const uint8_t grPins[] =
{
    pinThrottle,
    pinRollIn,
    pinPitchIn,
    pinModeIn
   
};

void (*grpFuncs[NUM_CHANNELS])() = 
{
    &isrThrottle,
    &isrRoll,
    &isrPitch,
    &isrMode
};

typedef struct structChannels
{
    uint8_t         pin;
    pInterruptFunc  pFunc;        
    uint32_t        tStart;   
    uint32_t        tWidth;
    uint8_t         degrees;
   
}sChannels_t;

sChannels_t Channels[NUM_CHANNELS] = {0};

uint8_t
    mode;

void setup()
{
    Serial.begin( 115200 );
      
    for( uint8_t idx=0; idx<NUM_CHANNELS; idx++ )
    {
        Channels[idx].pin = grPins[idx];
        pinMode( Channels[idx].pin, INPUT_PULLUP );
        Channels[idx].pFunc = grpFuncs[idx];
        attachInterrupt( digitalPinToInterrupt( Channels[idx].pin ), Channels[idx].pFunc, CHANGE );                
       
    }//for
   
}//setup

void loop()
{       
    //check channel inputs every loop
    //PWMRead();

    //do other stuff here; nothing that blocks or waits or delays excessively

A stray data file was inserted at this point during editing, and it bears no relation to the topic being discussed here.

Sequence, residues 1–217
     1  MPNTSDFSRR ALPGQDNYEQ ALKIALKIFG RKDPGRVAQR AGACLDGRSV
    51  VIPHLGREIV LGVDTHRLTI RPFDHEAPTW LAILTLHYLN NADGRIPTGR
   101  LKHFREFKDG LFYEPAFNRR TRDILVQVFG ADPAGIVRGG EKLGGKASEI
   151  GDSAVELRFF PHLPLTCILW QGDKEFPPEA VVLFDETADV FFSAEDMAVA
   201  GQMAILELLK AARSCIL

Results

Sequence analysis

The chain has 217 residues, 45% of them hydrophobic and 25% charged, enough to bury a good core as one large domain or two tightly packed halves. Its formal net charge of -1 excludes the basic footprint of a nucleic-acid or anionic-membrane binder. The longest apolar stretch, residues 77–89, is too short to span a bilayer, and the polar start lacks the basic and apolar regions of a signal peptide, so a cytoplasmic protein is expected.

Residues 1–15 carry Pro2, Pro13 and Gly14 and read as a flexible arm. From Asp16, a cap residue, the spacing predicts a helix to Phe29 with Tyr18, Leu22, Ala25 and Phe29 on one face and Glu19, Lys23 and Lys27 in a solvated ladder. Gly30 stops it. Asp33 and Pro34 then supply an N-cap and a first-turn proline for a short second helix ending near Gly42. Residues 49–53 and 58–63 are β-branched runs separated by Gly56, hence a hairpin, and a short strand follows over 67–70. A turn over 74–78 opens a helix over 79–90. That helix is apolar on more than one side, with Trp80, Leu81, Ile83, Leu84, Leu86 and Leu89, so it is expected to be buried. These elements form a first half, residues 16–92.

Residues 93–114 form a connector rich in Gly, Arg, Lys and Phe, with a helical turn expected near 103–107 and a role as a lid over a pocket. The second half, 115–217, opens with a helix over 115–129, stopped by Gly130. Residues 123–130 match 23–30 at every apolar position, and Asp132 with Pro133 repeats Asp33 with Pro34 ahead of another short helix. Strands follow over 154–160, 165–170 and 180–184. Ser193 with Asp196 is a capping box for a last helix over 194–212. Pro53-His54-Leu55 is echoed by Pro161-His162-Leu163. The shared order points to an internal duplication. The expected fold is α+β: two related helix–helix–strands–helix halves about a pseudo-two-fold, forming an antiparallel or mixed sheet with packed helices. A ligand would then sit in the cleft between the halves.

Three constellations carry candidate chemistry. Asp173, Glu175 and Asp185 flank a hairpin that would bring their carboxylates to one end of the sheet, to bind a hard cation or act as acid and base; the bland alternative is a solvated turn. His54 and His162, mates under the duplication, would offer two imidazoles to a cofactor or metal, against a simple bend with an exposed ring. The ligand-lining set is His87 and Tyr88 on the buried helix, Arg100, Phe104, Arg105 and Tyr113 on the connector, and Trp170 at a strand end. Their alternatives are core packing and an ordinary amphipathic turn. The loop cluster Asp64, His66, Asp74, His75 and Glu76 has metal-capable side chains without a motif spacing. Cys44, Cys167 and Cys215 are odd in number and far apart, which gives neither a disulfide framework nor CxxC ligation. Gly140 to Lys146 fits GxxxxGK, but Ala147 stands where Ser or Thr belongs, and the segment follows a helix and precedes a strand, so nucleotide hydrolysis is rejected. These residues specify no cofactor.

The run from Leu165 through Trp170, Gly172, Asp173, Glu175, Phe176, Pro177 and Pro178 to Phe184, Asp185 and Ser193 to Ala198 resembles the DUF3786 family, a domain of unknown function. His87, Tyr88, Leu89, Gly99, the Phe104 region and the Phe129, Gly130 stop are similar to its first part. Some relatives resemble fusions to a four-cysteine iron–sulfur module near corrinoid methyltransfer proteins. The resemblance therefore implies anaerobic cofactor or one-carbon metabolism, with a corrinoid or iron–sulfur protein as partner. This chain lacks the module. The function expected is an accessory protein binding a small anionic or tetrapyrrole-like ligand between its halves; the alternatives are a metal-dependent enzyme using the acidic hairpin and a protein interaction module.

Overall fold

//.
    //.
    //.
           
}//loop

void isrThrottle( void )
{
    uint32_t
        timeNow = micros();
        
    if( digitalRead( Channels[THROTTLE].pin ) == HIGH )
    {
        Channels[THROTTLE].tStart = timeNow;
        
    }//if
    else
    {
        Channels[THROTTLE].tWidth = timeNow - Channels[THROTTLE].tStart;           
        Channels[THROTTLE].degrees = (uint8_t)map( Channels[THROTTLE].tWidth, 1100, 1900, 0, 180 );
        
    }//else
    
}//isrThrottle

void isrRoll( void )
{    
    uint32_t
        timeNow = micros();
    
    if( digitalRead( Channels[ROLL].pin ) == HIGH )
    {
        Channels[ROLL].tStart = timeNow;
        
    }//if
    else
    {
        Channels[ROLL].tWidth = timeNow - Channels[ROLL].tStart;           
        Channels[ROLL].degrees = (uint8_t)map( Channels[ROLL].tWidth, 1100, 1900, 0, 180 );
        
    }//else
    
}//isrRoll

void isrPitch( void )
{ 
    uint32_t
        timeNow = micros();
        
    if( digitalRead( Channels[PITCH].pin ) == HIGH )
    {
        Channels[PITCH].tStart = timeNow;
        
    }//if
    else
    {
        Channels[PITCH].tWidth = timeNow - Channels[PITCH].tStart;           
        Channels[PITCH].degrees = (uint8_t)map( Channels[PITCH].tWidth, 1100, 1900, 0, 180 );
        
    }//else
       
}//isrPitch

void isrMode( void )
{
    uint32_t
        timeNow = micros();
        
    if( digitalRead( Channels[MODE].pin ) == HIGH )
    {
        Channels[MODE].tStart = timeNow;
        
    }//if
    else
    {
        Channels[MODE].tWidth = timeNow - Channels[MODE].tStart;           
        mode = (Channels[MODE].tWidth <= 1500) ? 1 : 2;
        
    }//else

}//isrMode